Several factors made it unique, not the least of which was that it was just outside of Lawrence jurisdiction — so the police pretty much left it alone.
“It was like nothing I had ever experienced,” Norman says. “It was like all the strange freaky people in one place, and scary as hell when you’re 15.”
No matter which direction you came from, the last couple miles of the drive to the Outhouse were dark and filled with dust. It was hard to see anything, and easy to drive past if you weren’t careful. Once you got there, you paid a couple bucks just to get in the parking lot.
Even though there was no alcohol served in the building, outside it was anything goes. Mohawked and jean-jacketed punk rockers, longhairs with leather coats, and skinheads sporting suspenders either hung out in packs near their cars or congregated around the entrance.
On a good night, a swirling mosh pit would form near the front of the stage, while other kids would hang from the rafters above. The stage was just a foot or two off the ground at the most, and it was easy to get close to the bands. There was no heat either, so sometimes a good turnout crowd had other advantages. Either way, on a cold night, the concrete floor was freezing. And let’s not talk about the bathrooms.
All of these factors just added to the legend.
“Bands talked about The Outhouse long after they played here,” says Norman. “I have seen bands play Sandstone, Memorial Hall, Liberty Hall ... if they played The Outhouse, they bring it up and talk about it. The vibe out there was incredible.”
In preparation for the movie, Norman has been collecting vintage video footage and traveling all over the country to interview bands that played The Outhouse. This week, he’ll interview Kevin Seconds from 7 Seconds, and gory shock-rockers Gwar soon after that. Next month, it’s off to D.C. to catch up with Ian MacKaye from Fugazi, and then a week-long trip to Los Angeles and San Francisco will cover more ground and more bands in January.
“Any footage of live bands has to have a band member release the footage. And I don’t see that as being a problem,” Norman says. “When I went to Detroit to interview Tesco Vee, I was able to hand him a copy of his entire show at The Outhouse, He was thrilled and of course allowed us to use it in the film.”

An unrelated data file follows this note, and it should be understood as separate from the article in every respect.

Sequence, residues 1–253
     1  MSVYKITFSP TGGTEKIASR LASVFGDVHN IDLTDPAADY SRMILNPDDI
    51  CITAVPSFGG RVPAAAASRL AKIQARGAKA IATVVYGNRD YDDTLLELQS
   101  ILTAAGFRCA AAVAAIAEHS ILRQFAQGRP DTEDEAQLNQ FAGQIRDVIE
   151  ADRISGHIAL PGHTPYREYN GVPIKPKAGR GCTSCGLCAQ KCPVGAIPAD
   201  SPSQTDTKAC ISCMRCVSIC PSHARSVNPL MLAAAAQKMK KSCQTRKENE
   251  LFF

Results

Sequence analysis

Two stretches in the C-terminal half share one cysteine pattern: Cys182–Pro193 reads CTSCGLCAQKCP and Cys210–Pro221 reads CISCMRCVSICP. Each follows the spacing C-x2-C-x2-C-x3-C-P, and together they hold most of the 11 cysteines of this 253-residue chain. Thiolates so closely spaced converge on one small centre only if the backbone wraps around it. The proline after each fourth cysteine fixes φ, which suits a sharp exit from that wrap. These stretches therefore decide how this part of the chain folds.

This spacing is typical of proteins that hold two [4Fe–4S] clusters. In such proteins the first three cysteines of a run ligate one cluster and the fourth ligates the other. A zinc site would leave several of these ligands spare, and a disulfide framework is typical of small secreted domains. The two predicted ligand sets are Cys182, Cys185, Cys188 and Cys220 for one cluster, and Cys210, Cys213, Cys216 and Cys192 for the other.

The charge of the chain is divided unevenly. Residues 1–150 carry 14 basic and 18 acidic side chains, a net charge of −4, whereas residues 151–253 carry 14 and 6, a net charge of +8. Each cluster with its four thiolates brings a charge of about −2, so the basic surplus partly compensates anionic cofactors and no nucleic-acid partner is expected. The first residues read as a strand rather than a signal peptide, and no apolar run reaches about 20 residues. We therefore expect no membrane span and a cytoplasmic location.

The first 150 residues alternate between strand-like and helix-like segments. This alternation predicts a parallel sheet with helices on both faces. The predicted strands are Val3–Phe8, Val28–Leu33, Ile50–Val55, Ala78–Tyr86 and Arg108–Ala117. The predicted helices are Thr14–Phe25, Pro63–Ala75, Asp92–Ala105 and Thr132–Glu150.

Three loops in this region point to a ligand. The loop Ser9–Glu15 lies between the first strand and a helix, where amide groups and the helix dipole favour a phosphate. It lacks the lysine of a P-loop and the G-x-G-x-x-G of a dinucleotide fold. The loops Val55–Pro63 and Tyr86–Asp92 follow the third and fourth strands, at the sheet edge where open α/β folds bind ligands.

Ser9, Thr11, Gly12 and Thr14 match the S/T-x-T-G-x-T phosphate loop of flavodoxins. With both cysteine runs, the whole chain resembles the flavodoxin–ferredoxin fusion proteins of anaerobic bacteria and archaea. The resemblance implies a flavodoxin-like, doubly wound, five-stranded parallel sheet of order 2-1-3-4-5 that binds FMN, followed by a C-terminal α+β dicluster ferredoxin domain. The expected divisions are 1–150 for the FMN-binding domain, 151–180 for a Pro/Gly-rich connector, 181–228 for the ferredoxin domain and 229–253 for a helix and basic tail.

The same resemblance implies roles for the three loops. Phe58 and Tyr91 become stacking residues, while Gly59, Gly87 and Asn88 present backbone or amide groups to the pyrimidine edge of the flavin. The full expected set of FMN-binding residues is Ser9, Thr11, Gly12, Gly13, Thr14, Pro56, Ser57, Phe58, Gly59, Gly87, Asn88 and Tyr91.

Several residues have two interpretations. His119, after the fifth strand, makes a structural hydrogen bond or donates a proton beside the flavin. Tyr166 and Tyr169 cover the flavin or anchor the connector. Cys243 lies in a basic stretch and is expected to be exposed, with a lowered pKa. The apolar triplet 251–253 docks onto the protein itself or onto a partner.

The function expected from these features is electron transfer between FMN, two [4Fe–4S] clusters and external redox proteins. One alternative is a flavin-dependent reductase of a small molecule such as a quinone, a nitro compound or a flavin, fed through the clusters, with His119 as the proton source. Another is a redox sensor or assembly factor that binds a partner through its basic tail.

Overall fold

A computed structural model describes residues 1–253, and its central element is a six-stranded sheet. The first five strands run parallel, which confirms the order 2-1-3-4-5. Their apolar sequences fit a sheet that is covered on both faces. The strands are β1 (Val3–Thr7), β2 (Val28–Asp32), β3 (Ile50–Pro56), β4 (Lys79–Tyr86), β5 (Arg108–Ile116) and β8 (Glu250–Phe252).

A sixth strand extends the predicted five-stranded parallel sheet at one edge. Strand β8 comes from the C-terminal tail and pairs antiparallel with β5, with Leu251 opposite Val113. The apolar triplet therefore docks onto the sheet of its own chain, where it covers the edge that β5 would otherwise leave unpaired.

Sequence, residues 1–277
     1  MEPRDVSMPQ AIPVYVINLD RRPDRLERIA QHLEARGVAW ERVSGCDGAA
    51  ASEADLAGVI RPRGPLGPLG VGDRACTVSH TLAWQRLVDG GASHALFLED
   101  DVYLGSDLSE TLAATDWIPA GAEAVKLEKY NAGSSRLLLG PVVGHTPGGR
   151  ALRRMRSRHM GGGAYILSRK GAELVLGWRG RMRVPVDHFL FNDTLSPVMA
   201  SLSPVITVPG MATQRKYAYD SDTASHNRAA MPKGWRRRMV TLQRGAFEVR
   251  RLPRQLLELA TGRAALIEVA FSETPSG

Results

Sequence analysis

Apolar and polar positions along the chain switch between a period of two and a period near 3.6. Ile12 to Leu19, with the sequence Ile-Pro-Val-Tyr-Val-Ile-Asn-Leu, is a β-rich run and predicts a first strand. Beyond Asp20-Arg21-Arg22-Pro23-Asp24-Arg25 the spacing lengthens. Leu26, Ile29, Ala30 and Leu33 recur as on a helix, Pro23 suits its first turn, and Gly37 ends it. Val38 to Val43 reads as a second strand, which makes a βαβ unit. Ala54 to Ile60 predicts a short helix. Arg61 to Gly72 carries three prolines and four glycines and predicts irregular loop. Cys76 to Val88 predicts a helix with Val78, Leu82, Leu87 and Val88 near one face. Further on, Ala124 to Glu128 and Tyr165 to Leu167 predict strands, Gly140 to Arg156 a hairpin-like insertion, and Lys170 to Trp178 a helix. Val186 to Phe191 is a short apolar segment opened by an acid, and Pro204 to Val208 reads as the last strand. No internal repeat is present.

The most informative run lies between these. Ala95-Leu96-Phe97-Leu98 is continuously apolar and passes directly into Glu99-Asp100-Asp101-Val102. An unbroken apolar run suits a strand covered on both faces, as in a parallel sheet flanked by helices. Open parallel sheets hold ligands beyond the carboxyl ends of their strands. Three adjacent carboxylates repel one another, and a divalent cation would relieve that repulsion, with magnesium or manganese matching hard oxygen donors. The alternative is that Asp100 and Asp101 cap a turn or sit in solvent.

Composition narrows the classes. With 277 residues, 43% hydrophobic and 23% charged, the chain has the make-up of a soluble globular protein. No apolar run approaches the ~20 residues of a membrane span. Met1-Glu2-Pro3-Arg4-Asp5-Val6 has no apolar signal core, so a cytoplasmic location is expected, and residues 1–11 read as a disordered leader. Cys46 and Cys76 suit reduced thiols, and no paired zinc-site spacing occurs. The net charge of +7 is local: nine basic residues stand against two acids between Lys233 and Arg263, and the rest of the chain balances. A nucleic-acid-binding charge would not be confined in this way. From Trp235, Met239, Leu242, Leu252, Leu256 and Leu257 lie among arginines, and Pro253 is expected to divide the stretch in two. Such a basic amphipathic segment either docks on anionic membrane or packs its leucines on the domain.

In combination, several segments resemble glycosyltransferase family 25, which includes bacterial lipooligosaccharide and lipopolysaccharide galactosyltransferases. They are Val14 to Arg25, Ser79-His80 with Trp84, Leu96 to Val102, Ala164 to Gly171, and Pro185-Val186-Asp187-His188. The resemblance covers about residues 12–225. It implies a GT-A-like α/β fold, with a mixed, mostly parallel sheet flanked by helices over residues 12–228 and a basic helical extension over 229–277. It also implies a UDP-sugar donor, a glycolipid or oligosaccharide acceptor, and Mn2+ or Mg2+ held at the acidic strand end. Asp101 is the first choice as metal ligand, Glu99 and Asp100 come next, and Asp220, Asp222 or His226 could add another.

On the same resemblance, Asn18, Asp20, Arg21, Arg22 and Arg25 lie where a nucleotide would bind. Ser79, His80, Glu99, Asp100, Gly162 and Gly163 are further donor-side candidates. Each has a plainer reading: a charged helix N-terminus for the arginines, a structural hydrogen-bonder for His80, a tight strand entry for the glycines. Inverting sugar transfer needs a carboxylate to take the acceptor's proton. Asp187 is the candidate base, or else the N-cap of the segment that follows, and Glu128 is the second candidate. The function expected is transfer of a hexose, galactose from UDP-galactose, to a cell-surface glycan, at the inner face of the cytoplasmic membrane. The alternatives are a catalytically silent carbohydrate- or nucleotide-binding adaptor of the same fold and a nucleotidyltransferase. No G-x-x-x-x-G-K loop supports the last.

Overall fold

Much like the disparate music scenes it supported, The Outhouse as it had been eventually had to cease. The building now houses a BYOB strip club and the graffiti-sprayed walls that were home to some of the rawest music around are now home to regular helpings of Kid Rock and dancing of another kind.
There were many reasons The Outhouse closed. “The flooding just made it impossible to continue and the downtown Lawrence scene blew up,” says Fortier. “The Bottleneck, Granada and Liberty Hall all have heat and well ... it was just time.” When asked about the pervasiveness of alternative music in the ’90s, Fortier says, “I don’t think mainstream is the right word but … Nirvana becoming popular changed everything.”
As for the movie, Norman is getting lots of support from all the people who attended shows, helped out, and spread the word about the venue back in the day. Only this time, it’s not just a random flyer in a coffeeshop or on a lightpost — it’s Web-based punk-rock flyer archives and a Facebook page.
“This movie has had many people get behind it to make it happen. We are not trying to leave anyone or anything out. If you feel strongly about one part of the Outhouse story you need to let us know about it,” Norman says. “[Ultraman singer] Tim Jamison said in his interview about the Outhouse, ‘The Outhouse is not the building, it is all the people.’”